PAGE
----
The gold price exploded again and in the late evening hours rose to $1,672 an ounce. As one of the favourite safe havens benefited gold from the drastic losses in equities and bonds.
Cryptocurrencies also benefited from the broad market weakness, and most of the top 10 cryptos were able to capitalise. A Bitcoin currently costs over $9,000 again – a plus of over 2 per cent. Ethereum rose by 1.6 per cent to just above $230, while XRP increased by 2 per cent to $0.2405.
Corporate and world news
MDax and SDax are being updated
The shares of the food delivery service HelloFresh are listed in the MDax and replace the papers of the chip developer Dialog Semiconductor. Deutsche Börse announced this. The following changes will occur in the SDax: Office landlord Godewind Immobilien is replacing HelloFresh. The “Poco” parent company Steinhoff, the real estate company Adler Real Estate and the IT company SNP Schneider-Neureither will be included in the SDax. They replace the graphite electrode manufacturer SGL Carbon, the UV specialist Dr Hönle and printing machine supplier Heidelberger Druck.
Italy aims for a higher deficit
Economics Minister Roberto Gualtieri said on Thursday that the southern European country was adjusting its deficit ratio by 0.35 percentage points. Rome would ask the European Union (EU) for permission to take this step. So far, Italy’s government had expected a deficit quota of 2.2 per cent. The upper limit allowed by the EU is 3.0 per cent. The coalition in Rome wants to take a billion-euro sum in hand to cushion the consequences of the coronavirus for the domestic economy. This involves tax credits for companies whose turnover has collapsed. Tax cuts and additional funding for the health system are also planned.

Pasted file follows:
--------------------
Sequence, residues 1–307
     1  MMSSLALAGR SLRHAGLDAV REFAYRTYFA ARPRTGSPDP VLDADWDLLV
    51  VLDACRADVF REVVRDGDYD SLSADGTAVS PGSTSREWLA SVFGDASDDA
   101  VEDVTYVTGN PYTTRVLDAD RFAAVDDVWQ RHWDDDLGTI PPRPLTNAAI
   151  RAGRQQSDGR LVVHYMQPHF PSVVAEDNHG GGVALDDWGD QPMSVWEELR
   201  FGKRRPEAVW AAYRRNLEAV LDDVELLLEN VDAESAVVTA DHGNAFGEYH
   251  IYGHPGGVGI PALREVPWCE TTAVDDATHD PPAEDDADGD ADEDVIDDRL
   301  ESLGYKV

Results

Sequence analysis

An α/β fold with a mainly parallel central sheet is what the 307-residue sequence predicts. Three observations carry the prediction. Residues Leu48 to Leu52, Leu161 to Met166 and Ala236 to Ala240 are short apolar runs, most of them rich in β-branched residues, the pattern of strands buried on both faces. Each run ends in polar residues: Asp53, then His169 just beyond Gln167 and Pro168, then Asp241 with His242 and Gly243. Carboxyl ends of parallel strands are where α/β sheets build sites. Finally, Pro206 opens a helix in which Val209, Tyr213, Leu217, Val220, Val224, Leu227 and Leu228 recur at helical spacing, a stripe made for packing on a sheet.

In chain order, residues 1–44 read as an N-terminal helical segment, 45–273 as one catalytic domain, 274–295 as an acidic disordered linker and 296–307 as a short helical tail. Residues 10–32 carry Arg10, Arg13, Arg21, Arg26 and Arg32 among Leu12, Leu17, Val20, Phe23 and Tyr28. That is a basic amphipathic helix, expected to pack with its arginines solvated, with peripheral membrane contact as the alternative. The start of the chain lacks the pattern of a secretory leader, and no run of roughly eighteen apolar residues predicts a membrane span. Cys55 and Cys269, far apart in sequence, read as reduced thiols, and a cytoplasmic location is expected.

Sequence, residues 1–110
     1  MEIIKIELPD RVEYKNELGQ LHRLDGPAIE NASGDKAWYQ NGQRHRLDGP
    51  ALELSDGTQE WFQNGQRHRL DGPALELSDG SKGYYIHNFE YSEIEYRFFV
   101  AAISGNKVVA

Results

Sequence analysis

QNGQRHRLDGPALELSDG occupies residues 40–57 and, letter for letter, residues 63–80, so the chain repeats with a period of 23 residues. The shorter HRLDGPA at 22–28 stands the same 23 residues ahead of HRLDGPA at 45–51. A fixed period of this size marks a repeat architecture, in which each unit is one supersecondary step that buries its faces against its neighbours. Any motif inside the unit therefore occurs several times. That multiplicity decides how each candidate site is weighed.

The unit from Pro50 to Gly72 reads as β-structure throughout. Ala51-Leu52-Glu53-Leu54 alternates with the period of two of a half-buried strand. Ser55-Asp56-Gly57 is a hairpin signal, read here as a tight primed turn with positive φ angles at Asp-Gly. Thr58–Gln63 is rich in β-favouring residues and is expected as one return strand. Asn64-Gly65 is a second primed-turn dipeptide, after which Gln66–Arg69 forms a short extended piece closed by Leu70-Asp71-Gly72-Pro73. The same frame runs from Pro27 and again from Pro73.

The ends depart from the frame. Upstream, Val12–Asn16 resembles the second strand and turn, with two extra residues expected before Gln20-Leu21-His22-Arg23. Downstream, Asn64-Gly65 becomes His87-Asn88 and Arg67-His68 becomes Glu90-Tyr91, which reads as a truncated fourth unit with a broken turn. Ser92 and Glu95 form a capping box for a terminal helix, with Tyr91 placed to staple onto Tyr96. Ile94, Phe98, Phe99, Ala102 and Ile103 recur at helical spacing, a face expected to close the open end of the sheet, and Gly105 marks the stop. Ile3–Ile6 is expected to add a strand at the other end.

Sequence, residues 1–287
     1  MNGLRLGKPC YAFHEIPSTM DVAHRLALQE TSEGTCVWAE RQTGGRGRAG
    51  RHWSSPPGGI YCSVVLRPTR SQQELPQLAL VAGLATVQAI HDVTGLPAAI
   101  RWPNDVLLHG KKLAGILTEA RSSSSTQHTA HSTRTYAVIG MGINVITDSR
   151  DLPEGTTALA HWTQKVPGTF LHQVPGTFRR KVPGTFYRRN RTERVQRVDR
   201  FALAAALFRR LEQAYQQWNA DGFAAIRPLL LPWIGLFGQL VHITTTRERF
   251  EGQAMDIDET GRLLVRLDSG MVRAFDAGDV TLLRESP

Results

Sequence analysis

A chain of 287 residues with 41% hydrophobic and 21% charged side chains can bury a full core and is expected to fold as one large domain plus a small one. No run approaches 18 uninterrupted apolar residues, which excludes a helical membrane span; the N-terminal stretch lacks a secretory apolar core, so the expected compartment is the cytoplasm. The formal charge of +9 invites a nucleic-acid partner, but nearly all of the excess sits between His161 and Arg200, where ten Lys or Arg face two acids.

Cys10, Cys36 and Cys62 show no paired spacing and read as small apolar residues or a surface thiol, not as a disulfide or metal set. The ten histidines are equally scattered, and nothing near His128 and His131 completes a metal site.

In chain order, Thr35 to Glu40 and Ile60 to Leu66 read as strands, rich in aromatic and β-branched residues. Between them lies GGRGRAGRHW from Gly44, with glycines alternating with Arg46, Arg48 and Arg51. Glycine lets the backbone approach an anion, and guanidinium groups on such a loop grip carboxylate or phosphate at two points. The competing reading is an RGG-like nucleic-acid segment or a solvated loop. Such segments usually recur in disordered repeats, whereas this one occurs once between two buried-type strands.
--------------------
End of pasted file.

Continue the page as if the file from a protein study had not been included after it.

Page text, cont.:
Last year, unexpectedly strong economic growth in Italy led to the lowest deficit ratio since 2007. The ratio of new debt to economic strength was 1.6 per cent in 2019. The government had expected 2.2 per cent. The reason for this was that Italy’s gross domestic product in 2019, at 0.3 per cent, rose more significantly than the government’s most recent estimate of 0.1 per cent.
In Europe, Italy is the country worst affected by the coronavirus crisis.
HP fights against Xerox takeover
The PC and printer manufacturer HP Inc continues to defend itself against the takeover attempts of the significantly smaller printer and copier manufacturer Xerox. The offer from Xerox does not sufficiently reflect the value of HP, HP announced today in Palo Alto, California. Besides, the takeover would lead to considerable financial risks for HP shareholders in view of the resulting indebtedness.
Xerox has been trying to acquire HP since the autumn but was turned down. In February, the company increased its offer and since then has offered 24 dollars per share in cash and Xerox securities. In total, Xerox would pay almost 35 billion dollars for HP. The driving force for a possible deal is considered to be the controversial US investor Carl Icahn, who holds a substantial amount of shares in both companies.